Winning the battle against cervical cancer
BY LINDA JERZAK
Women’s Health Nurse Practitioner
January marks Cervical Cancer Awareness Month, and according to the American Cancer Society, approximately 12,000 new cases of invasive cervical cancer are diagnosed each year. The good news: cervical pre-cancers are diagnosed far more often than invasive cervical cancer, thanks to increased screening with the Pap test. The screening procedure can find changes in the cervix before cancer develops, and it can detect cervical cancer in its early stages, when the disease is most curable.
Cervical cancer is usually a slow process that starts with abnormal changes known as dysplasia, and eventually cancer cells begin to form and spread more deeply into the tissue of the cervix and surrounding areas. There are usually no symptoms, but thanks largely to the increased use of the Pap test; the cervical cancer death rate has declined by more than 50 percent over the last 40 years.
Understanding the risk factors and detection methods for cervical cancer are crucial to early detection.
Four truths about cervical cancer from the American Cancer Society include:
• Cervical cancer tends to occur in midlife: Most cases are found in women younger than 50 but it rarely develops in women younger than 20. Often, older women do not realize that the risk of developing cervical cancer is still present as they age.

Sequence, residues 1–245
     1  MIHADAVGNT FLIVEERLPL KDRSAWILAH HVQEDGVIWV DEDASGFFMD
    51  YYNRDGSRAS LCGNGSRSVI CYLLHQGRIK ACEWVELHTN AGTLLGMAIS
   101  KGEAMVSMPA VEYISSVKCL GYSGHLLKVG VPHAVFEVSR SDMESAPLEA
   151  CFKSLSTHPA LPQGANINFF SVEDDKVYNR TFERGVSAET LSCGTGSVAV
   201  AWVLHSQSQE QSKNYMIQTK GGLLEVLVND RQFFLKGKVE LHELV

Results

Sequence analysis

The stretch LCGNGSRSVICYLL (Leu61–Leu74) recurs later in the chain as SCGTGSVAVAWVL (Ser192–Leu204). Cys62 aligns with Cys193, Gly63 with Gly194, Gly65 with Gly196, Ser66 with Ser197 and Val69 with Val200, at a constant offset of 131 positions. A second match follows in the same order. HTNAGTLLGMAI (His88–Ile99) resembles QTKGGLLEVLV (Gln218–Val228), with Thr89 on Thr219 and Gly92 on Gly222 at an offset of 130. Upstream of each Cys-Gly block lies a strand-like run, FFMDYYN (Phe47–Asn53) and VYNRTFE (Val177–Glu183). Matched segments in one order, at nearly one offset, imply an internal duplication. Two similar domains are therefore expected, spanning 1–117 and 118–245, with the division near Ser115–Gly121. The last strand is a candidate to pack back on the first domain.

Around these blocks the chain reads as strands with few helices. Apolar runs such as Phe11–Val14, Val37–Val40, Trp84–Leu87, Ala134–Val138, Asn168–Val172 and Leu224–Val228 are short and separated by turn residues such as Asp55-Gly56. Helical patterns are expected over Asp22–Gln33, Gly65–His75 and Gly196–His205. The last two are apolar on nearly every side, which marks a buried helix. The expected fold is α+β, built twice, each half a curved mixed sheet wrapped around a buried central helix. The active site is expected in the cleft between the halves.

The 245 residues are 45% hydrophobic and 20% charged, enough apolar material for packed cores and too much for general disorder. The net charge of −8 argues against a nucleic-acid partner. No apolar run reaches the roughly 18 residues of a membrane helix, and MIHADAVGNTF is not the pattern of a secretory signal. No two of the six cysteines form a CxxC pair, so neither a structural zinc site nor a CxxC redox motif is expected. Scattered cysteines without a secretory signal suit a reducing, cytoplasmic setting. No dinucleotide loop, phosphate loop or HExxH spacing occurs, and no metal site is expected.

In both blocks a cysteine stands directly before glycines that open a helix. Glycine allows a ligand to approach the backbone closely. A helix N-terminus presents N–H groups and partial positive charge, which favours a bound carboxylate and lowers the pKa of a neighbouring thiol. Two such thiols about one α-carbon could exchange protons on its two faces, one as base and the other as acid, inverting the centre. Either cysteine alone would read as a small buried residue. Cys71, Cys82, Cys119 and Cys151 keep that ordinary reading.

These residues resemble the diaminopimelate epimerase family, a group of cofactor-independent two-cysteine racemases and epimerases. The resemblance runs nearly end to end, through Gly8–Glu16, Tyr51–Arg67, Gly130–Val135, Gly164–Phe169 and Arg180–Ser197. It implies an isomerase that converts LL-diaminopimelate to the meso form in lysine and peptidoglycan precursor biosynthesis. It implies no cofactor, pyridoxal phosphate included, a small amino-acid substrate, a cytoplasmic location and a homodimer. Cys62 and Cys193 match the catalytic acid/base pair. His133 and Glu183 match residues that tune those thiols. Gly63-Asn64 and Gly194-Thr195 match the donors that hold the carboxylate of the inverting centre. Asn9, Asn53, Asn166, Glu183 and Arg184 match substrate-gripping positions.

• There are usually no symptoms: There are usually no symptoms of cervical cancer, and, left undetected, cervical cancer was once a major cause of death for American women. The best way to find cervical cancer early is to have regular screening with a Pap test. Being alert to any signs and symptoms of cervical cancer can also help avoid unnecessary delays in diagnosis.
• Several risk factors increase the risk of developing cervical cancer: The most important risk factor for cervical cancer is infection by the human papillomavirus (HPV), a group of more than 150 viruses. Other risk factors include smoking, having a weakened immune system, a diet low in fruit and vegetables, and having a family history of cervical cancer.
• Early detection greatly improves the chances of successful treatment: Today, a test to detect HPV is often used as a follow-up when abnormalities are detected on a Pap smear. It can also be used as a screening test on its own, and, in one recent study, it was nearly twice as effective as the Pap test in detecting early cervical cancer. The current HPV vaccine is available to anyone under the age of 26 years, but is most effective when administered in adolescence. Anti-cancer vaccines have been found effective in preventing not only cervical cancer in women, but also cancers of the head, neck and throat, as well as rectal cancers in both men and women. Your primary doctor or gynecologist often can do the tests needed to diagnose cancers and pre-cancers and may also be able to treat pre-cancer.
Women with a history of serious cervical pre-cancer who have had regular screening can stop cervical cancer screening as long as they haven’t had any serious pre-cancers found in the last 20 years. Women with a history should continue to have testing for at least 20 years after the abnormality was found.
With careful attention to screening tests, women now have a way to gain the upper hand on cervical cancer.
Linda Jerzak is a Women’s Health Nurse Practitioner with Ascension Medical Group in Rhinelander and Woodruff. For more information, please call 715.361.4700 (Rhinelander) or 715.356.8140 (Woodruff) or visit ascension.org/wisconsin